Sunday, March 20, 2005

Decanting - Day 5
We have seen what one Master of Wine (MW) has to say about decanting. How about one more? Michael Broadbent devotes almost fives pages to decanting in his book Wine Tasting (my copy is the 1989 Simon and Schuster Reprint). Here is a sampling of what he has to say.

“More fatuous argument has been stimulated by this side issue than almost any other.”

"The second, and in my opinion far less important, reason for decanting is to aerate the wine. It is in this area that there is a great deal of muddled thinking……”

“By general consensus, young wines can take, possible need, plenty of breathing time older wines less, very old wines scarcely any – just extract the cork and decant carefully. If it were only as simple as that.”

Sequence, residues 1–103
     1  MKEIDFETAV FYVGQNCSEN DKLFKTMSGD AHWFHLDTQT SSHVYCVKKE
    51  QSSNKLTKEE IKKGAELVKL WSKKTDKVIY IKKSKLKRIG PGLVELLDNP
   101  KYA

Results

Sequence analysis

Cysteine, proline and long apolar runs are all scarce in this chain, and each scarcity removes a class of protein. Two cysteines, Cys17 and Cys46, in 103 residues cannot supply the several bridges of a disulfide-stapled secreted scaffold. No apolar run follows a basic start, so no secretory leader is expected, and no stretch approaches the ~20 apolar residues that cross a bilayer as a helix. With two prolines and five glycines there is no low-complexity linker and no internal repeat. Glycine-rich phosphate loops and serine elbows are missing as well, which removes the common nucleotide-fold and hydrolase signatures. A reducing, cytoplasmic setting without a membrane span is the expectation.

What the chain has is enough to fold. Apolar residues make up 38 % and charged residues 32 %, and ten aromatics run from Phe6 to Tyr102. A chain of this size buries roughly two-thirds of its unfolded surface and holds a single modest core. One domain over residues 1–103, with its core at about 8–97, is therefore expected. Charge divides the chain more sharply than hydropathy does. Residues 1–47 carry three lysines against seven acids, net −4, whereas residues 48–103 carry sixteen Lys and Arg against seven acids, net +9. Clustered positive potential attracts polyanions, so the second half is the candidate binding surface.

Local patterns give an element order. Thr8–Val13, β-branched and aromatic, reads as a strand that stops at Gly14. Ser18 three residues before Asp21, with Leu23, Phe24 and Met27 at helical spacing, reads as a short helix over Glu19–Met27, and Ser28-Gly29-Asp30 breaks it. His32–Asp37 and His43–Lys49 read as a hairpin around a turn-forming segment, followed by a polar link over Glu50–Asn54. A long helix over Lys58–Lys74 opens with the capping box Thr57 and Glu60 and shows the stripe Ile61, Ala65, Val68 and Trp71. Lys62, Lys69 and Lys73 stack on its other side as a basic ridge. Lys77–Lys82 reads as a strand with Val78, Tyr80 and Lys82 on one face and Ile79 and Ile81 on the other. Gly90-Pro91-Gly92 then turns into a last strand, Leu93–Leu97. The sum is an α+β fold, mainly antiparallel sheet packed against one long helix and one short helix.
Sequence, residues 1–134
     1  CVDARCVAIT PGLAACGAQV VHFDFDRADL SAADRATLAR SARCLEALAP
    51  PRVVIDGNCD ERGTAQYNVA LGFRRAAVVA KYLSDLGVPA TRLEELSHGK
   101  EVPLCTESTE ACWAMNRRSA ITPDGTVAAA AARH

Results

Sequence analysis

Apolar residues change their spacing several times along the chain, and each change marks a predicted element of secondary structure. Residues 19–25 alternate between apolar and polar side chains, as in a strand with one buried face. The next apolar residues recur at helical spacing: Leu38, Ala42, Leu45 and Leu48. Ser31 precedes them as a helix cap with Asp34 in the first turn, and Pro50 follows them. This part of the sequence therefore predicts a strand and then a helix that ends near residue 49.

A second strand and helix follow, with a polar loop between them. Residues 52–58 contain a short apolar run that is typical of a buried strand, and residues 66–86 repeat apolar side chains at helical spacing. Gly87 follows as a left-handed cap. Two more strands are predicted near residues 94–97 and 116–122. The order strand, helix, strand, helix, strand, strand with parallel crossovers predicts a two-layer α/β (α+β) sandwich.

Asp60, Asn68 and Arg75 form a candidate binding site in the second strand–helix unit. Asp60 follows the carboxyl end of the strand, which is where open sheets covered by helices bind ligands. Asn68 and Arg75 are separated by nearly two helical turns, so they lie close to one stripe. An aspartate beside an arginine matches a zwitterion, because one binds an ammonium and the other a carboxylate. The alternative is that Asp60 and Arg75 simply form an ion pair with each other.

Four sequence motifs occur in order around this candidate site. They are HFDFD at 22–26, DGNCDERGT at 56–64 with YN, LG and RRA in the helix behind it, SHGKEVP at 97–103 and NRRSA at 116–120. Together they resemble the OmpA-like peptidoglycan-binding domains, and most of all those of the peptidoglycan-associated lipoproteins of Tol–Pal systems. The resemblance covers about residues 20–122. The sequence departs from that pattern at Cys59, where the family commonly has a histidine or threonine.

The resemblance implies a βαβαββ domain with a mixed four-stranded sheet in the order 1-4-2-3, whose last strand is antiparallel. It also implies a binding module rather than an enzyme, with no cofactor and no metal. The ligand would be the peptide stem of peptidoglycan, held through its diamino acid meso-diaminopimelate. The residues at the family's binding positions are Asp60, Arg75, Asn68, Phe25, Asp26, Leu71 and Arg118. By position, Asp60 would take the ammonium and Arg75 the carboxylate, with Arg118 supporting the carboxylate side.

“How many times has one been told, and occasionally discovered accidentally, that a young red wine seems softer and better on the palate the next day?”

“It is my considered opinion that no noticeable oxidation occurs for a very considerable period after the cork is drawn, and, surprisingly little change occurs in the decanter. The main development takes place in the glass. The greater the wine, the more revealing and complex the bouquet and the longer it and the flavour will last.”

"My final advice on “air” is: be bold, and try decanting well in advance. Above all, with a really fine wine (and this applies as much to a top-class white burgundy as to claret) give the wine a chance to blossom in the glass: sip it, make it last, revel in its marvelous development.”

I certainly hope later editions of this otherwise excellent little book are less confusing. First we are told that he thinks that “little change occurs in the decanter” but then “be bold, and try decanting well in advance”. Maybe he has a lot of really pretty decanters that he likes to boldly show off?

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